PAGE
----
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New “launchpad” into aerospace industry in Christchurch announced

17 June 2021

Launching in 2022, the University of Canterbury (UC) is offering a minor degree in Aerospace Engineering* as part of a Bachelor of Engineering (Hons) Mechanical Engineering degree.


University of Canterbury graduate Dr Philipp Sueltrop, who earned his PhD working to prevent the effects of fuel slosh in rockets using mathematical algorithms, co-founded Kea Aerospace with Mark Rocket.

The new minor will give aspiring students an enhanced pathway into the rapidly developing aerospace industry in Aotearoa New Zealand and especially Ōtautahi Christchurch.

UC’s Tumu Tuarua Rangahau | Deputy Vice-Chancellor Research, Professor Ian Wright says it’s an exciting time to be part of the local aerospace industry.

“We look forward to supporting the aerospace industry to grow and develop in its aim to be at the centre of New Zealand’s burgeoning aerospace sector by 2025.”

Growing aerospace technology and capability is part of the research strategy and aspiration of the University of Canterbury. (See the city’s aerospace strategic plan.)

“The University has an important role to play in the aerospace industry, creating a pathway for aspiring students through our current world-class Science and Engineering degrees and the new Aerospace Engineering minor, as well as attracting talent to the region that can be retained within a thriving industry.”

UC has welcomed the recent announcement of Project Tāwhaki, which will see a joint environmental and aerospace project ‘lift off’ on the Kaitōrete Spit in Canterbury.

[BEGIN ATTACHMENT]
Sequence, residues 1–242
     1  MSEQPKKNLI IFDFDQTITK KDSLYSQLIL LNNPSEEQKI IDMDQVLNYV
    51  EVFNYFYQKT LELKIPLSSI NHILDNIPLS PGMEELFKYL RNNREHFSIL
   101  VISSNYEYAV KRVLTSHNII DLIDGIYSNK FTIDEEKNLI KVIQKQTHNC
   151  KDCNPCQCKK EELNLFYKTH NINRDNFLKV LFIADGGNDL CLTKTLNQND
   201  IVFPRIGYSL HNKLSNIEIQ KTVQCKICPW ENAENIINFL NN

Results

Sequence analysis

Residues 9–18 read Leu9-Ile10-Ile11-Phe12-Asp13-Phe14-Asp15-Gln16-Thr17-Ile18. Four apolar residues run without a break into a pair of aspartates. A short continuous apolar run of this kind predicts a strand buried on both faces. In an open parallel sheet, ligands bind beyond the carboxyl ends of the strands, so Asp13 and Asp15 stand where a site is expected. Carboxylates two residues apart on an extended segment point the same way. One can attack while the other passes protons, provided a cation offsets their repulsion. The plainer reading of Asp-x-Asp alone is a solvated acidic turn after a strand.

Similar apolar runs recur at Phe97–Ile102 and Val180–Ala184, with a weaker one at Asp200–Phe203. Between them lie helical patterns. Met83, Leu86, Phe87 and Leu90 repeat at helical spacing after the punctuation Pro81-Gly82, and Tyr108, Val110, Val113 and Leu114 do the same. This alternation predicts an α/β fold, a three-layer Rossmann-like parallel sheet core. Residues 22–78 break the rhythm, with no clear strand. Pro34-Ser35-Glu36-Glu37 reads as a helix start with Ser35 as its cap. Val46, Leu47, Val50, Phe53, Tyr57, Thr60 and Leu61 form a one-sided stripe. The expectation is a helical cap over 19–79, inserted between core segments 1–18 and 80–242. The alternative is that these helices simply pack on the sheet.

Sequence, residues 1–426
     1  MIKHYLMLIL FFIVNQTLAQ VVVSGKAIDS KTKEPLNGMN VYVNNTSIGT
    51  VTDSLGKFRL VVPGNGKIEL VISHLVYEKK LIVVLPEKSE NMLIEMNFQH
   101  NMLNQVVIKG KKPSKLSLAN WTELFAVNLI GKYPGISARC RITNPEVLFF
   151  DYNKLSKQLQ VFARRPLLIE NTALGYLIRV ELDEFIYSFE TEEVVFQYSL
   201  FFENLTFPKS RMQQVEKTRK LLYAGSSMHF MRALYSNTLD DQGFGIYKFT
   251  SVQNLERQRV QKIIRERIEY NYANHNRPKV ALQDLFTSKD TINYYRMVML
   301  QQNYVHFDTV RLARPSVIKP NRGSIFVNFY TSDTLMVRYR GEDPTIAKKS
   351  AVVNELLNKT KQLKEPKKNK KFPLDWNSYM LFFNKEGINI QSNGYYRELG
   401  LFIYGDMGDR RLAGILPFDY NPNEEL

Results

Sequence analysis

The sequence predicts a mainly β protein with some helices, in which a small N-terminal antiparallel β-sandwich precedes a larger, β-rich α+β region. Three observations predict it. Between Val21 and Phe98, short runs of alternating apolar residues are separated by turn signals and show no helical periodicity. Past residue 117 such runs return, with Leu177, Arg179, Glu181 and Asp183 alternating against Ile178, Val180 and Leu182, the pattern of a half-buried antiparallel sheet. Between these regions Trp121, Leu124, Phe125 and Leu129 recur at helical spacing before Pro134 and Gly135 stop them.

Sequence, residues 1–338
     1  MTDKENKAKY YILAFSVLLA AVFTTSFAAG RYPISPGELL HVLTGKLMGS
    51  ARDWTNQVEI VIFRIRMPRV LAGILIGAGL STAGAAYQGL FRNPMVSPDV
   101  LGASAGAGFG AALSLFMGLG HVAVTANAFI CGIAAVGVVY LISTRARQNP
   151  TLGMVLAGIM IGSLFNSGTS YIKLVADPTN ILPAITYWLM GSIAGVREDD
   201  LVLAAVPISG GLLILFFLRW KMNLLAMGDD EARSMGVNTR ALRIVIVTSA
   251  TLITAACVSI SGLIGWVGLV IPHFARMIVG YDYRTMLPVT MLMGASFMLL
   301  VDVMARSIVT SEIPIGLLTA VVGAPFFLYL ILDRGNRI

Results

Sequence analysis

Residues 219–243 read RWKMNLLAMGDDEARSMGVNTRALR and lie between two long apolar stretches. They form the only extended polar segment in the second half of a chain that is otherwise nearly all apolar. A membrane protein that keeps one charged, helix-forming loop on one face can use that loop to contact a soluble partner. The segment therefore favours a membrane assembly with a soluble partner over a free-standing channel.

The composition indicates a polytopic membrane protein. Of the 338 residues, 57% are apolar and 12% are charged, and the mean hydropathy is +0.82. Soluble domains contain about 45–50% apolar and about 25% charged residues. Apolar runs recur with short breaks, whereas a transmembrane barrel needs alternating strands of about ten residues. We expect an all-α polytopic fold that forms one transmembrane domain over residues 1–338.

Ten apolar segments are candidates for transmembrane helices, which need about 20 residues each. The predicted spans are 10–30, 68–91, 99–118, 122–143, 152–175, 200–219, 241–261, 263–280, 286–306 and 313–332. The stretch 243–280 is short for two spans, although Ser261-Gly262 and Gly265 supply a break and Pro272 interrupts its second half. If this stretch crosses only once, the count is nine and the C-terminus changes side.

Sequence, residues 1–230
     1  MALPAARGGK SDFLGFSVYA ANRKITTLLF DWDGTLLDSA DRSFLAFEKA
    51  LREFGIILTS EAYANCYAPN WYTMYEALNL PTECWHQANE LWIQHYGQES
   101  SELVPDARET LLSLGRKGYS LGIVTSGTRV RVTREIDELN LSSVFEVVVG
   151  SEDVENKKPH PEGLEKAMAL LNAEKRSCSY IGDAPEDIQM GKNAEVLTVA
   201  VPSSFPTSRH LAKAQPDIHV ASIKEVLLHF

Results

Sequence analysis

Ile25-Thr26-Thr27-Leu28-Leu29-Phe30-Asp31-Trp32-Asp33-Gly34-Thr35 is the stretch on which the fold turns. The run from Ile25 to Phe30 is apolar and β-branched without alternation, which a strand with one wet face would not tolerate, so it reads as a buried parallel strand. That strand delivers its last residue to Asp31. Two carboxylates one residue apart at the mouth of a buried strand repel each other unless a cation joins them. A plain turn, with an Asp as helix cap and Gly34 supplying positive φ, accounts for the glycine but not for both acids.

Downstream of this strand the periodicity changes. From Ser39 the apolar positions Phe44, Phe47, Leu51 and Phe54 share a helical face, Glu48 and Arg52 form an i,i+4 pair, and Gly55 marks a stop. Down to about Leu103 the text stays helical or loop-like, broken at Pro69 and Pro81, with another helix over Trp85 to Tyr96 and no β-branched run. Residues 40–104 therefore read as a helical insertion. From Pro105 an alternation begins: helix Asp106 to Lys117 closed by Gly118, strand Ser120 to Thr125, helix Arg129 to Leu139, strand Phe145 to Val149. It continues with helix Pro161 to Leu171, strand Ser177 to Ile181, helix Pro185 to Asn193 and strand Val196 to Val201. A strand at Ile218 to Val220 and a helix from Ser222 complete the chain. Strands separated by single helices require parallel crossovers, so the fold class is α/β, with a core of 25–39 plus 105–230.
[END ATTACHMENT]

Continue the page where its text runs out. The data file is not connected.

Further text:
“UC has been working with ChristchurchNZ and nascent aerospace companies to progress ambitious aerospace technologies for a number of years, and we look forward to working with Kaitōrete Limited to crystallise this huge opportunity for Canterbury and New Zealand,” he says.

“This fantastic development also aligns with our existing UC aerial vehicle testing range at Kaitōrete – the only one of its kind in the country.”

Alongside these developments, UC is engaging with local rūnanga to build capacity for all people in Ōtautahi in high-value, high-tech employment.

“UC research and facilities are here to support and work alongside emerging aerospace companies, with wide-ranging benefits for other technologies. UC alumni have founded some of these local companies and UC is proud to be working with them,” Professor Wright says.

In 2019 New Zealand’s aerospace sector contributed $1.69 billion to the economy and employed 12,000 people, according to a government report.

*UC’s minor degree in Aerospace Engineering is subject to CUAP (The Committee on University Academic Programmes) approval.

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